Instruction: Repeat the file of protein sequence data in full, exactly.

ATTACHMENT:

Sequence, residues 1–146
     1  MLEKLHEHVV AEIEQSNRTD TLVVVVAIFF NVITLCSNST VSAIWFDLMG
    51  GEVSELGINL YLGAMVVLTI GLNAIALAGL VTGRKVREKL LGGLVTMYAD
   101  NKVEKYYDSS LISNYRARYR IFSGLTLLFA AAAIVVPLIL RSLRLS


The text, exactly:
Sequence, residues 1–146
     1  MLEKLHEHVV AEIEQSNRTD TLVVVVAIFF NVITLCSNST VSAIWFDLMG
    51  GEVSELGINL YLGAMVVLTI GLNAIALAGL VTGRKVREKL LGGLVTMYAD
   101  NKVEKYYDSS LISNYRARYR IFSGLTLLFA AAAIVVPLIL RSLRLS